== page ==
Major support for MindShift comes from
Landmark College
upper waypoint

How Parents Can Help Kids Who Are Scared and Anxious During the Pandemic

Save ArticleSave Article
Failed to save article

Please try again

 (Ada daSilva/Getty Images)

For the kids in our lives, the last nine months have been many things. Scary — because an invisible, unknown illness was suddenly spreading across the globe. Maybe even fun, when the possibility of school closing felt like a snow day. But for many, that novelty has given way to frustration and sadness — even depression and anxiety. Just like adults, kids are wondering: Will I get sick? Will someone I love die?

It's a lot for kids and parents to handle. So we talked to the experts and came away with five tips for how you can help your kids through this.

Make sure your kids wear their masks

"Kids generally don't get very sick from this virus," says Dr. Ashish Jha, dean of the Brown University School of Public Health. But, he says, they can still play a part in making sure others don't get sick by wearing their masks and social distancing.

It might take a little imagination. If you have younger kids, you can explain the spread of the coronavirus by comparing their mouths to a bottle of bug spray. Weird, yes — but it's one way for young ones to visualize the tiny droplets they spread, even when they aren't sick. If they wear a mask, it helps keep those droplets in.

If you've got older kids or teenagers, take this a step further: Encourage them to spread the word. Practice what they might say if they're with friends at the park and someone takes their mask off. Maybe your 13-year-old has been waiting months to see Grandma and could say, "I need to keep my Grandma safe, so do you mind putting your mask on?"


Rehearse it with your kids so the conversation goes smoothly.

Practice positive thinking and mindfulness

In a recent report, researchers interviewed 46 teenagers in California and found that the teens reported a huge sense of loss — similar to the stages of grief. Most of the teens were sleeping badly because of lack of activity and lots of screen time.

Kids of all ages — as well as their parents — can probably relate.

In addition to the obvious prescription — trade in some of that screen time for physical exercise — try some brain exercises too, like replacing negative thoughts with positive ones. You might try saying a few things you're grateful for each night before dinner or before bed. There's evidence behind that: Gratitude boosts your immune system, lowers blood pressure and motivates us to practice healthy habits. It may feel awkward or cheesy, but practicing mindfulness and positivity very consciously can help kids and parents too.

It's also important to watch for signs of something more serious too.

"Depression in teenagers sometimes looks like a prickly porcupine. Everybody rubs them the wrong way," adolescent psychologist Lisa Damour says. Don't take it personally; just keep offering them a listening ear.

Meet tough moments with empathy

There will be times when feelings bubble up. Meltdowns will happen. In those moments, wellness guide Frannie Williams says, take a moment to put yourself in your child's shoes. If they're acting like it's the end of the world, well it might be because their world has turned upside down this year.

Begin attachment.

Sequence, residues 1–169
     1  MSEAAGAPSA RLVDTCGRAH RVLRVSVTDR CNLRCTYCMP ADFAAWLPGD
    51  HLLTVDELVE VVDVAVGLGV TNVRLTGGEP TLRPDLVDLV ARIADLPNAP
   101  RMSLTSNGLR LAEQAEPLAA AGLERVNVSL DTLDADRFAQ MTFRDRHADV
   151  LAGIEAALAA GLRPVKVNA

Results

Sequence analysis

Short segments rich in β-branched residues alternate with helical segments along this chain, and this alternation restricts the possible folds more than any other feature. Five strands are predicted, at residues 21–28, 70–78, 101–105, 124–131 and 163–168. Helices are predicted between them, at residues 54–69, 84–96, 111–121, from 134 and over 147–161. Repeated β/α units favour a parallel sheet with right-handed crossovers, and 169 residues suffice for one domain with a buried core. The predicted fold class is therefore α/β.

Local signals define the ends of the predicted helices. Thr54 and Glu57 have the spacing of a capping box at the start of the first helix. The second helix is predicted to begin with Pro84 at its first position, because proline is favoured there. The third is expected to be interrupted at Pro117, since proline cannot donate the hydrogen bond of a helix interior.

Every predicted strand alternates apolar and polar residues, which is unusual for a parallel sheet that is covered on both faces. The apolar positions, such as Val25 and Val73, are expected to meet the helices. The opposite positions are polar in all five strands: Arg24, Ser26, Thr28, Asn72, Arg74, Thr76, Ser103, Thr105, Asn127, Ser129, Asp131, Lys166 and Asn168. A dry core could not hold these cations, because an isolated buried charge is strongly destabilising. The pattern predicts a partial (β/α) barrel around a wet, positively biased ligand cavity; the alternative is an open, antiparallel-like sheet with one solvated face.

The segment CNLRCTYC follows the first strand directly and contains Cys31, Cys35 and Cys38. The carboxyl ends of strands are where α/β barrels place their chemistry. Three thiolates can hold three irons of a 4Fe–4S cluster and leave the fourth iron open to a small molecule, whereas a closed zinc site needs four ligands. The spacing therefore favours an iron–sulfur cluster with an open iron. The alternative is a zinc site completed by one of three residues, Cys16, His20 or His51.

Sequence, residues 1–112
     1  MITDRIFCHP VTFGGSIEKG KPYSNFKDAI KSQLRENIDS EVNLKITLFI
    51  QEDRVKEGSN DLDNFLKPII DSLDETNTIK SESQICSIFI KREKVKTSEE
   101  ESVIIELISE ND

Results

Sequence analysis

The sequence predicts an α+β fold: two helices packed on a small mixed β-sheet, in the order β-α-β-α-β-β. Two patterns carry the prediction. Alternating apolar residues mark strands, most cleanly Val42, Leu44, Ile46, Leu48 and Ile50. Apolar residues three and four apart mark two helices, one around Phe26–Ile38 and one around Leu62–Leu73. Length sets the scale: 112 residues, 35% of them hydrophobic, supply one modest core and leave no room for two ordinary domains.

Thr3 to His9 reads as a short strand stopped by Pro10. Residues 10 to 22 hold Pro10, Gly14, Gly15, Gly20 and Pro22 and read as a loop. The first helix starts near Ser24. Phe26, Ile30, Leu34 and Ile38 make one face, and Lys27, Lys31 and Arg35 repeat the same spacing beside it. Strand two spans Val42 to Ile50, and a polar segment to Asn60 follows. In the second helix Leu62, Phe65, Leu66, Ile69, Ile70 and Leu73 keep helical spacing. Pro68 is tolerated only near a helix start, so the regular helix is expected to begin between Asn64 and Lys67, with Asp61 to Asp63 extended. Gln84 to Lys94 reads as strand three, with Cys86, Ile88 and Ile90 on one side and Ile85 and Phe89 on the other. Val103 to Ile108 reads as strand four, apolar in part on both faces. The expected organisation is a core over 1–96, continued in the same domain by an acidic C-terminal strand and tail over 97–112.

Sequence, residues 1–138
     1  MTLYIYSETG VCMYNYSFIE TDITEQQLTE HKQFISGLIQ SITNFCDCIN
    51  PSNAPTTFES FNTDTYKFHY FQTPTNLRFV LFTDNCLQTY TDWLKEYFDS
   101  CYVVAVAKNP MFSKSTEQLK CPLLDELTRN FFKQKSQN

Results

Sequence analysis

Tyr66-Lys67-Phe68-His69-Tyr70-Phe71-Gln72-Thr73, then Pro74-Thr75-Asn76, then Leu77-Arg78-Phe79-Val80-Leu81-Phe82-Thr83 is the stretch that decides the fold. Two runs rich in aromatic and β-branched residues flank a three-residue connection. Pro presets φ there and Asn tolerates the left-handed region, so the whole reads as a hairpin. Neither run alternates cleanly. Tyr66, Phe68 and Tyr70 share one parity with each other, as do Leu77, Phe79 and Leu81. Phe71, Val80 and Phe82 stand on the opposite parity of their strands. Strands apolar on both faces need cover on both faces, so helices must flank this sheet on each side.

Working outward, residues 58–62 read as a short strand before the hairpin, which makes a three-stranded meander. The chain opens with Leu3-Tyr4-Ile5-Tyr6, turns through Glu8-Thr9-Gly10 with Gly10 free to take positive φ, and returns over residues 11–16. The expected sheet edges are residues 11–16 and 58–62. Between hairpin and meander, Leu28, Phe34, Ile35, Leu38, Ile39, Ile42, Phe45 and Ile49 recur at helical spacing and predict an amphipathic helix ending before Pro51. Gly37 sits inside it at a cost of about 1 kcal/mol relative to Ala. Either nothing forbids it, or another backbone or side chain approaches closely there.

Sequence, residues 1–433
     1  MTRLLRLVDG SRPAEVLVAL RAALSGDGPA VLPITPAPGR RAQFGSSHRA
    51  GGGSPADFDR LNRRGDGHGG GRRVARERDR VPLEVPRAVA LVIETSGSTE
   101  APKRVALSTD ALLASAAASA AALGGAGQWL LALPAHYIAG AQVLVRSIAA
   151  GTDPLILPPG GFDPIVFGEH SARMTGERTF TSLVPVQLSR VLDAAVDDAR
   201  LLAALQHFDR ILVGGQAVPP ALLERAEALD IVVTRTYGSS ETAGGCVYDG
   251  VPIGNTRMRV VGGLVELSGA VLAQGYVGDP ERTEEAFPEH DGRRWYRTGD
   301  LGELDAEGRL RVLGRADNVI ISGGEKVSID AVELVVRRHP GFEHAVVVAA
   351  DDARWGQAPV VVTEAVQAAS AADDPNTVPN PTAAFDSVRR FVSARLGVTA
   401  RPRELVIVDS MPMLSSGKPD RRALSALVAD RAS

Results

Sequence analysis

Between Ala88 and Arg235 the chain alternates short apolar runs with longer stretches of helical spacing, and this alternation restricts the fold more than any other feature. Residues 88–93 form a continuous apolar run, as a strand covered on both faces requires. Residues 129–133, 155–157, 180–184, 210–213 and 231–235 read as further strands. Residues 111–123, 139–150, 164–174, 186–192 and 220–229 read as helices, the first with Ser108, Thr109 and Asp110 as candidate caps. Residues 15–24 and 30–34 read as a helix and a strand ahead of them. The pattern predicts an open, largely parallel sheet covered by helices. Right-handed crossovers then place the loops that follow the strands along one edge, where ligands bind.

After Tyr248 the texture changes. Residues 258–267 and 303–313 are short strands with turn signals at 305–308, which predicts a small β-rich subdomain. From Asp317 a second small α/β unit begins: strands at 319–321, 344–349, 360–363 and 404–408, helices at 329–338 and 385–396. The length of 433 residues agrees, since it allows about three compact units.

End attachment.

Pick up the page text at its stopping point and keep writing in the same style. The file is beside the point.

She says that to help kids calm down, parents have to calm down too. Once she was working with a 5-year-old who was struggling. Williams began taking deep breaths, and "Out of nowhere, I noticed that she was mimicking me," Williams remembers. "She was modeling me. She started taking these big belly deep breaths."

Rosemarie Truglio, senior vice president of curriculum and content at Sesame Workshop, says kids learn a lot about dealing with adversity by watching adults. "And they're seeing how we are reacting to setbacks, mistakes and challenges," Truglio explains. "So this is a big message for adults, because our actions are speaking a lot louder than our words."

Find new ways of connecting with people

Your kids are almost certainly missing out on some socializing — with friends and extended family. Get creative about making time for reestablishing some of those lost connections. It will help your children, it will help you and it will likely help the people you're reconnecting with.

Joy Osofsky, a professor at Louisiana State University School of Medicine in New Orleans, says her grandkids, who live outside the U.S., call her every morning on their way to school so they can play online games together. It's time that both Osofsky and her grandkids have come to cherish.

Get more safe physical contact

Damour says that kids, even teens, are likely missing out on lots of the physical contact they normally get — contact that can't be replicated over Zoom or WhatsApp. Keep that in mind, and don't hold back on the physical affection — the hugs, the pillow fights, the hair ruffles, all of it.

The podcast portion of this episode was produced by Meghan Keane.

We'd love to hear from you. Leave us a voicemail at 202-216-9823, or email us at

For more Life Kit, subscribe to our newsletter.

Copyright 2020 NPR. To see more, visit

lower waypoint
next waypoint